During the circuit breaker, I don't dine in restaurants but I cook really nice food, I don't visit theatres but I still watch movies and plays with a monitor and immersive sound system, I don't go for suppers but I still keep in touch with my friends, I don't attend courses but I never stop practising and I continue to exercise regularly.

The circuit breaker offers me an opportunity to live an alternative lifestyle. I wouldn't lie that the quality didn't drop, it's definitely more enchanting to watch a musical or theatre production in real life, and it's really fun to sweat from competing with an opponent. But the current lifestyle really isn't bad at all.

With the circuit breaker coming to an end and people are going back to work in phases, it is no doubt that my expenses will start increasing again. But this time, I will keep a closer tab on my expenses. 

Following my previous post on "Should I spend $1500 on a digital piano", I learned to consider my expenses in long term events rather than short term events. This means each purchasing decision should be calculated based on the value in at least 10 years rather than if I can afford it with my existing savings or the next paycheck. It's no longer 'just $1000 per month'. It's $499,750 when I compound 4% on a $12,000 yearly spending for 25 years. 

That figure is really painful to look at.

And it'd be higher if you compound at a higher interest rate based on your investment returns, but for me I reference to the CPF rates as it's more conservative.

I think this is a every useful lesson for me. It set my perspective straight to acknowledge the fact that everything costs thousands times more than the price we pay, and make us question if our spending it really worth its value.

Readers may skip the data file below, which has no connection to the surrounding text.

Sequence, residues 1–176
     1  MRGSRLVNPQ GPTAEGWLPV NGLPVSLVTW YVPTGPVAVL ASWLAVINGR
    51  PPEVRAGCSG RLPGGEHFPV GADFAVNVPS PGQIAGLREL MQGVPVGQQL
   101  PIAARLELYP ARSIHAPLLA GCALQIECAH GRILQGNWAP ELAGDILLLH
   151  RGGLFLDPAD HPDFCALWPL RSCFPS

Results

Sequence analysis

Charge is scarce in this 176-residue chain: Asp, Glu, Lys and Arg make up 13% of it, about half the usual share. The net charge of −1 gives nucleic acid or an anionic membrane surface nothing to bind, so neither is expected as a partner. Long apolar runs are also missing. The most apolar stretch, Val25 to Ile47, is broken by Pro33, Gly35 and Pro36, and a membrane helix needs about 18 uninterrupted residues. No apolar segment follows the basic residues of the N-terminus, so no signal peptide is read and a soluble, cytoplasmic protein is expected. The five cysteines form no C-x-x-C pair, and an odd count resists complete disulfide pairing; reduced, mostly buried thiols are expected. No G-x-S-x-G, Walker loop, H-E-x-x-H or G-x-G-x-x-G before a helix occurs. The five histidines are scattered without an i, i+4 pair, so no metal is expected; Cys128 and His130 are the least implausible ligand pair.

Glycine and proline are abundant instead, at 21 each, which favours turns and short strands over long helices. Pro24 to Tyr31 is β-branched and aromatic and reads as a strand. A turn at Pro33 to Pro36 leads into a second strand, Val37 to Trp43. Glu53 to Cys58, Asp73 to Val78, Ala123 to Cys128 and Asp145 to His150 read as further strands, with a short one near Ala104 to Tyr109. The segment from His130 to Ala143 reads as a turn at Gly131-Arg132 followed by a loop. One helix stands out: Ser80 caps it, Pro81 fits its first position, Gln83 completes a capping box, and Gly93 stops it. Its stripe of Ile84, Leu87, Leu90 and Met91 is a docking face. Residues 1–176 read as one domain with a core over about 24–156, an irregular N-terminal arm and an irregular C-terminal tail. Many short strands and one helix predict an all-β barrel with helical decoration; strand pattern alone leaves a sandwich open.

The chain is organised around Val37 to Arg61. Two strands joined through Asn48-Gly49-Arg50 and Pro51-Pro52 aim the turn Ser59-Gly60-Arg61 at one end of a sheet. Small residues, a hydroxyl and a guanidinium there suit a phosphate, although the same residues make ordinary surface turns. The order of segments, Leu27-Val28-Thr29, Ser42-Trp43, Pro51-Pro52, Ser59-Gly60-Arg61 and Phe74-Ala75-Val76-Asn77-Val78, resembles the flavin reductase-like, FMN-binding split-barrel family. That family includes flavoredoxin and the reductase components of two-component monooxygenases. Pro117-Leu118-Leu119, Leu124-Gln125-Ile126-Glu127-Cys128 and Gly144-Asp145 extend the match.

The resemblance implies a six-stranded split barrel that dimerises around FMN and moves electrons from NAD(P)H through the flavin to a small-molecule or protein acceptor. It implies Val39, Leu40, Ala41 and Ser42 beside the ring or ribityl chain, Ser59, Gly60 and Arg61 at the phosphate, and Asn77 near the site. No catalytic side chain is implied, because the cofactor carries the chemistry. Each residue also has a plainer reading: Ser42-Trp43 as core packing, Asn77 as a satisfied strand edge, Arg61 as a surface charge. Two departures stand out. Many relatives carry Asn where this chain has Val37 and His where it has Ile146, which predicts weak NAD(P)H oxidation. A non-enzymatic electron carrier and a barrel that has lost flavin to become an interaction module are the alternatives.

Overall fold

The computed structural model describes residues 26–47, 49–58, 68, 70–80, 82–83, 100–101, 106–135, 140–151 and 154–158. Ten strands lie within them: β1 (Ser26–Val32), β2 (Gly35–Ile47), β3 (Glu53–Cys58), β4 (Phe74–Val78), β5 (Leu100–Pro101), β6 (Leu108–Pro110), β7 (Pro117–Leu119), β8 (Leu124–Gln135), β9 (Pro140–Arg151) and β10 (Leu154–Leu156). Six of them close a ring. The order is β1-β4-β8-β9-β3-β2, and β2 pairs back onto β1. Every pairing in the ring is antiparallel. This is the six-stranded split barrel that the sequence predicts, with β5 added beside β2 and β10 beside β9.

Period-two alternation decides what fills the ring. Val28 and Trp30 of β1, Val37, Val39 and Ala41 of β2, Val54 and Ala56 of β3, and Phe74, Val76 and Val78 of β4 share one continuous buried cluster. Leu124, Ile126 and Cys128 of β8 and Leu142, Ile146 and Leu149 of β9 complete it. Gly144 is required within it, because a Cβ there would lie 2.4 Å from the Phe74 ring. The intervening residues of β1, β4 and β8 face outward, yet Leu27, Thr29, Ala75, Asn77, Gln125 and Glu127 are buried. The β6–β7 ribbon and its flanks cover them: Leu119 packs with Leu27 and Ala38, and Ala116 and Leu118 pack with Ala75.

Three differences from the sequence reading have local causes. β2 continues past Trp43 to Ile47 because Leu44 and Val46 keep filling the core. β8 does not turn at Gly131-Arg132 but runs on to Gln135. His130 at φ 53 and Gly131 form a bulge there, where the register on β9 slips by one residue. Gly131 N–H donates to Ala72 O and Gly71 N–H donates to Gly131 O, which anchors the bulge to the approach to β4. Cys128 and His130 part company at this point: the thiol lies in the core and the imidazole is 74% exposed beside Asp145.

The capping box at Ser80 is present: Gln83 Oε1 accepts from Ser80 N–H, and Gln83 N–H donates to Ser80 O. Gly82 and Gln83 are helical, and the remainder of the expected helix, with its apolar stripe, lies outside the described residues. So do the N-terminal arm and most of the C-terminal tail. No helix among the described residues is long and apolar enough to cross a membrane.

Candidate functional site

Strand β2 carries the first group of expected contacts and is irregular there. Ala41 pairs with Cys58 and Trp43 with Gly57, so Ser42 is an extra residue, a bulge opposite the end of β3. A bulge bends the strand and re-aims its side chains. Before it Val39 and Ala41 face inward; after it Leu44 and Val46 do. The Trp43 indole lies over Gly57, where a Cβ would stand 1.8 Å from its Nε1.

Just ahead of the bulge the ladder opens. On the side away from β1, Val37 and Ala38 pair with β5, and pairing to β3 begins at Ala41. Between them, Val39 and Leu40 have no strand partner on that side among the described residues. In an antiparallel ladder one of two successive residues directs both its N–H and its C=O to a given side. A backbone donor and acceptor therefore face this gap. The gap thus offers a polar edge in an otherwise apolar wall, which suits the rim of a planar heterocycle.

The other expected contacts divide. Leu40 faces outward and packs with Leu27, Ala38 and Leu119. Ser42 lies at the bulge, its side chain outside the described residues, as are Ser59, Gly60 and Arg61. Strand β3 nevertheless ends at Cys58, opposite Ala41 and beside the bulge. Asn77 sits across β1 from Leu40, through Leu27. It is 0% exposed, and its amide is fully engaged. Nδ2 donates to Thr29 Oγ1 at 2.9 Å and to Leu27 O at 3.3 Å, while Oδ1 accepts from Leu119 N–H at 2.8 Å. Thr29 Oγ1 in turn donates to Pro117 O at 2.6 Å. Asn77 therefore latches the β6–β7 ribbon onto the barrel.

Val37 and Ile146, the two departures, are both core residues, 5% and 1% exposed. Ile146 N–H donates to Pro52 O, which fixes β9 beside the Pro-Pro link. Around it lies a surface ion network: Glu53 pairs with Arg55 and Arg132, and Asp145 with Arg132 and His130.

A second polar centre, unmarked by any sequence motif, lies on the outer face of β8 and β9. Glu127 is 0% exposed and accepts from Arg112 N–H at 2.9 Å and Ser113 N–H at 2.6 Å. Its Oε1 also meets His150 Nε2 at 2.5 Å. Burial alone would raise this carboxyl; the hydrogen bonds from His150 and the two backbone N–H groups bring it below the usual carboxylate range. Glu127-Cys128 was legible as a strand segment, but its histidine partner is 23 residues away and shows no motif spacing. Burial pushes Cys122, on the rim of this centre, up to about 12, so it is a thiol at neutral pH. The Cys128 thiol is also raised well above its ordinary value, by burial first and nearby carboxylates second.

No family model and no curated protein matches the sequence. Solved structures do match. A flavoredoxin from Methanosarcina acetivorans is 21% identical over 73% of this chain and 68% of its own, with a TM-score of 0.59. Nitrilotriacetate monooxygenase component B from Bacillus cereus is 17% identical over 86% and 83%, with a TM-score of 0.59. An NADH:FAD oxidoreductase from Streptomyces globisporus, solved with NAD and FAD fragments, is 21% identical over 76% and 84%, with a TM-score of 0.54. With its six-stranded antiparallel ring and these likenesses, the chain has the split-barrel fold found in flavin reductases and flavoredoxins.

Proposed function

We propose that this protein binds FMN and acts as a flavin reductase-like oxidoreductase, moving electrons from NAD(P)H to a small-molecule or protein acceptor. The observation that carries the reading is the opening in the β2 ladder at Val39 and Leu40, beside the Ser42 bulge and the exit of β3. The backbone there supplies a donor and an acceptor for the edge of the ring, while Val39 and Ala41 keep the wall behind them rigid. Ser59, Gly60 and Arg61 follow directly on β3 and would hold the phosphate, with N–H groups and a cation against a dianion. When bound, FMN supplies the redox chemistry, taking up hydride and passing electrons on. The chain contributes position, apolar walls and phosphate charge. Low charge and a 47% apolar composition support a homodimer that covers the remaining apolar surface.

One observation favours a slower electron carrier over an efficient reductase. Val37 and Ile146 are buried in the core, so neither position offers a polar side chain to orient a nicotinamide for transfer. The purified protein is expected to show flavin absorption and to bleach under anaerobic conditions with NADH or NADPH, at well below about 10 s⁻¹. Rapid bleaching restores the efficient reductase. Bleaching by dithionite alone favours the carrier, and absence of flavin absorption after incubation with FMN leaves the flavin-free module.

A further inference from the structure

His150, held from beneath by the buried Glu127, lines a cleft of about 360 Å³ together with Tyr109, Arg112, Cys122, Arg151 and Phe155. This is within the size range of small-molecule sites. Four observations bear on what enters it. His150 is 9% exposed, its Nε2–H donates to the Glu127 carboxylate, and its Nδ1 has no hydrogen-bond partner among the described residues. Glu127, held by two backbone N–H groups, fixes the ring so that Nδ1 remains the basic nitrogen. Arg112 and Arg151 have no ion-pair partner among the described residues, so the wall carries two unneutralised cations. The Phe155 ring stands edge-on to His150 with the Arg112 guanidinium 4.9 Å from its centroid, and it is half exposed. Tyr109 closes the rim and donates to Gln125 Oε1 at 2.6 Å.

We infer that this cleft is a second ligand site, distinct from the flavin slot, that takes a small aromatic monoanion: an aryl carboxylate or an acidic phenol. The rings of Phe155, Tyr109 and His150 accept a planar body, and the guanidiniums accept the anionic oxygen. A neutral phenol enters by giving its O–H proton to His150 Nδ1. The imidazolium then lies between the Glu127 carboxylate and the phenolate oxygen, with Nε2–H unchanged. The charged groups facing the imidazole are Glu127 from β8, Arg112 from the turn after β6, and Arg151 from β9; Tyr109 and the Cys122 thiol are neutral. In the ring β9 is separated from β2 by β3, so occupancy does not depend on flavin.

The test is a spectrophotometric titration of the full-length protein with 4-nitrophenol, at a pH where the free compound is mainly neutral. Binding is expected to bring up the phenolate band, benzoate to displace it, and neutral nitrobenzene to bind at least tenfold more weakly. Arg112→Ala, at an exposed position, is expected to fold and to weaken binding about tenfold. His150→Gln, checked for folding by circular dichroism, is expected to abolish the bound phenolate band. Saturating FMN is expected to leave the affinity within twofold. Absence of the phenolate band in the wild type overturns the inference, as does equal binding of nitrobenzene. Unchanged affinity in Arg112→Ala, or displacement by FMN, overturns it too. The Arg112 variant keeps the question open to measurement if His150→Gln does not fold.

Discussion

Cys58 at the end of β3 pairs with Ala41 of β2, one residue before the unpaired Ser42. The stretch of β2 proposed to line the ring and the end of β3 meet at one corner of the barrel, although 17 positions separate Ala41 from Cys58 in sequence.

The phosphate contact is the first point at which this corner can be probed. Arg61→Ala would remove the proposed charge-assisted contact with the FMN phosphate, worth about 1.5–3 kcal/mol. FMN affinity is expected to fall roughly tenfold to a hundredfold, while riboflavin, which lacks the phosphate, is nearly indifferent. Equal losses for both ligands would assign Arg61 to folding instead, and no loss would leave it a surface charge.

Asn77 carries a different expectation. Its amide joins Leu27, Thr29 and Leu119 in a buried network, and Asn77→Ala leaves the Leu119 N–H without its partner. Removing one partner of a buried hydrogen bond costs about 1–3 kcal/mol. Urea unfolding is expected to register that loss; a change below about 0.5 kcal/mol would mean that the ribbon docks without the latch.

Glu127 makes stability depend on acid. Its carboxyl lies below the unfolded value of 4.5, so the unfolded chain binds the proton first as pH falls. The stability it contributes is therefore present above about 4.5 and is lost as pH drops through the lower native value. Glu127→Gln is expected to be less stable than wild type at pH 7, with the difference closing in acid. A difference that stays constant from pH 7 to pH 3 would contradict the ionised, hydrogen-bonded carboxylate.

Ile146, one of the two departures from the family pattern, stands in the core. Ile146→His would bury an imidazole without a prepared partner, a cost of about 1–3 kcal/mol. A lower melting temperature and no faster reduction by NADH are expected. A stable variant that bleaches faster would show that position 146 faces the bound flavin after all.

At least for me, I think it's worth it to spend $600 per month to be well-trained in a few life skills while enjoying the fun almost every day for the next 25 years even if that's going to cost $299,850 at 4% compound interest.

But I will definitely rethink the rest of my expenses.

How have your spending pattern change in circuit breaker? Is there any expenses you think you can eliminate once the we adapt to the new normal life after that? Please share your thoughts with me and many thanks for reading.


  1. I think I’ve been saving a huge chunk of my salary, if I didn’t take into account the large financial commitments such as retirement plans, endowments, private annuities, whole life and term life plans that I’m servicing at the moment. I’m amused by the way you compute the cost of buying a digital piano based on the SA rate but am thankful that you did not use the SA rate based on the first combined balance of 60k and for a person 55 years and above, then the opportunity costs will be even higher than 4% lol...


Post a Comment

Popular posts from this blog

What's my CPF interest?

Happy New Year everyone! How has your new year been?